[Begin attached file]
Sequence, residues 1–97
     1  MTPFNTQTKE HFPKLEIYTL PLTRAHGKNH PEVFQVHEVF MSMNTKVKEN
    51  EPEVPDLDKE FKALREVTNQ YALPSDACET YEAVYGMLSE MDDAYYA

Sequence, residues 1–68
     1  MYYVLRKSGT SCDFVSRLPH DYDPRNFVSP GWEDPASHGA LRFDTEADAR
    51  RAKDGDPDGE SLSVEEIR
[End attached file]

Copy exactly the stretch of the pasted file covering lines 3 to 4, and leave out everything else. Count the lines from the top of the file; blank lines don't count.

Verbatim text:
    51  EPEVPDLDKE FKALREVTNQ YALPSDACET YEAVYGMLSE MDDAYYA

Sequence, residues 1–68